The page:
Artificial Lawn

Hi, I currently have an area of lawned garden which doesn't get much sunlight and is more of a threadbare boggy mess at the moment, I have two young children which are getting to the age where they can play outside and I was just wondering if anyone has artificial lawn, what are peoples views on it and where would be the best place to get it from. Thanks
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Loobylou_82


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On 10/21/11 6:42 AM, Loobylou_82 wrote:

Artificial grass was developed for use indoors, in enclosed sports arenas. Consider it to be no different than carpet with a strange texture.
If it gets any sun, it might be too hot for a child to walk on it barefoot or to sit on it. Since it generally is not porous, it can create a drainage problem in the rain. And it certainly will not absorb CO2 to help reduce global warming.
There are LIVE grasses that actually do best in shade. Consult a garden centre near you.
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David E. Ross
Climate: California Mediterranean, see
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I have relatives and friends who have it, some in pretty good sized patches. The best things I can say is that there is a difference in them, and you get what you pay for. Installation is critical, and if you have any drainage issues, address them BEFORE you put the grass down. Cheap stuff won't last long. Maybe like a French drain.
Pay a reputable company, and get a good guarantee. I was skeptical of it at first, but now have seen it down for 5-7 years, and it looks like new. You do have to keep care of it, and I would say that means actually vacuuming it to get organic debris and flying sand out of it and maintain the space between blades. I can think of no reason not to do it, and if I had that situation, I would not hesitate.
I just did 3500 sf of live sod, and it looks great. But that's in the country, and I get cheap agricultural water. If I had a little spit of yard or somewhere to cover, I'd go fake, and have one less thing to maintain. Some of it, you have to get up to about ten feet from it to tell if it's real or plastic. People say it may be too hot to walk on. My grandkids have it in their yard, and they live in Las Vegas, and I have never noticed it being hot to walk on. They could destroy an anvil, but have yet done any damage to the fake grass.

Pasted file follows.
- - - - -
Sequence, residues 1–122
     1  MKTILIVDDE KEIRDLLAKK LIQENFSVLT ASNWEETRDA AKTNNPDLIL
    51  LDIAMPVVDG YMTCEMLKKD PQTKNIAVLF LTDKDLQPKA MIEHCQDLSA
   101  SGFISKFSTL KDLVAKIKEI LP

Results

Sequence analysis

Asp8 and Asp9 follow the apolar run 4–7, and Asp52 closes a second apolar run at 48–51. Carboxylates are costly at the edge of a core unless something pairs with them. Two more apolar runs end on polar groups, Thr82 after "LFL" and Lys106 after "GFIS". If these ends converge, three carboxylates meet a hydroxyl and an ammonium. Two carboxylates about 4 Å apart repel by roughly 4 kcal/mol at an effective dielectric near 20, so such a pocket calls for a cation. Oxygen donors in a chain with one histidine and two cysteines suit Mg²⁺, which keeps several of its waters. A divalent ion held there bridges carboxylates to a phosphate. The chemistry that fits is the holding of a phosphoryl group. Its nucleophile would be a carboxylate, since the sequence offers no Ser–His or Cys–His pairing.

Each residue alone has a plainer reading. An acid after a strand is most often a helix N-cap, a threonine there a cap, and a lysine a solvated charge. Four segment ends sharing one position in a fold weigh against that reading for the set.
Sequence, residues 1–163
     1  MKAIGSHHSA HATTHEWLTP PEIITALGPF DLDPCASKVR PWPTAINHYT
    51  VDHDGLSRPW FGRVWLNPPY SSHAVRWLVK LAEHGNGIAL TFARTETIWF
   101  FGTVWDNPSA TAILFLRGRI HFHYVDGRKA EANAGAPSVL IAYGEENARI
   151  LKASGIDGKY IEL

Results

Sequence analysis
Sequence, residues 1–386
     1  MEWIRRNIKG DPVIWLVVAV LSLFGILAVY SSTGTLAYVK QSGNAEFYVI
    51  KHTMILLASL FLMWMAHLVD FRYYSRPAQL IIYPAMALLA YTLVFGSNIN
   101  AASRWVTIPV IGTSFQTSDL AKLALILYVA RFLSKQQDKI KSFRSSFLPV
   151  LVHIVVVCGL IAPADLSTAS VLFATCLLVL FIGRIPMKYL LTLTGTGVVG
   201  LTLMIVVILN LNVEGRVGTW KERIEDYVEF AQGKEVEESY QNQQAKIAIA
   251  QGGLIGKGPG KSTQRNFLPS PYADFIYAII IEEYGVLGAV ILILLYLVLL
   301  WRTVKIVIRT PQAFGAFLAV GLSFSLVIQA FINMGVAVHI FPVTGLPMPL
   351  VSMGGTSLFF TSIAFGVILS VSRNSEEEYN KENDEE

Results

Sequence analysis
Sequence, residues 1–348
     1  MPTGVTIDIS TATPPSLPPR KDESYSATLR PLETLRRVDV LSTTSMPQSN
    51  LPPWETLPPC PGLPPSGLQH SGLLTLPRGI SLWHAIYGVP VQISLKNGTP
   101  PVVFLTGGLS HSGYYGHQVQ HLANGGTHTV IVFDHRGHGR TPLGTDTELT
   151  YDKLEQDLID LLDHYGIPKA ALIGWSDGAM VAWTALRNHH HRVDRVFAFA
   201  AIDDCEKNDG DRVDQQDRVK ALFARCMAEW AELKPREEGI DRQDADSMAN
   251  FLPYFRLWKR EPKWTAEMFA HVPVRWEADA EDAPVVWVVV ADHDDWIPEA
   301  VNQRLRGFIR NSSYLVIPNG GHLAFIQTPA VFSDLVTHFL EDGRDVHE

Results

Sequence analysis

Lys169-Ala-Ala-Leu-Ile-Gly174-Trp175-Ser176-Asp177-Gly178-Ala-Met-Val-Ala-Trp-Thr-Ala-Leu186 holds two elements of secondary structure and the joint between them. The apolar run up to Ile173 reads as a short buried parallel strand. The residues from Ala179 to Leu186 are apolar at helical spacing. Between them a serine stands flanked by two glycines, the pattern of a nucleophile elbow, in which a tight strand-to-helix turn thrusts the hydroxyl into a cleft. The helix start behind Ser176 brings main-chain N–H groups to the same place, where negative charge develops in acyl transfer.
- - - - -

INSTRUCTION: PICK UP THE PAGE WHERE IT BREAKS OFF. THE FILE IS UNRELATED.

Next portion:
YMMV
Steve
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Original AstroTurf was designed for indoors, but it come a long way since then. It has to drain well for outdoors. For playing fields there is a pad underneath. I got scraps of both when they did an athletic field. It's still hot and you get bruises and scuffs of your body.
Many installers.
Greg
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On Fri, 21 Oct 2011 13:42:32 +0000, Loobylou_82
It's +/- commonly used for sports fields here on the wet side of the PNW US. http://www.syntheticturfcouncil.org/displaycommon.cfm?an=1&subarticlenbr # B has some background information, possibly a bit slanted <g> And a quick search at the National Institute of Health journal database: http://www.ncbi.nlm.nih.gov/pubmed?term=artificial%20turf
FWIW, we have a 100 lb labrador who can tear up a wet lawn easily just by running on it. I use wood chips, about 8 inches thick, on areas of greatest dog damage in the winter, our rainy season. I do know there's a thriving business here with used artificial turf taken from sports stadiums that are upgrading. Some dog trainers I know use it for runs and the like, as it usually comes with stripes that can't be removed -- so often not suitable for lawn replacement.
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We've made our raised beds from old floor boards and a set of pine bunkbeds that no-one wanted on freecycle. Also made small raised beds from old truck tyres.
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bsmiths18


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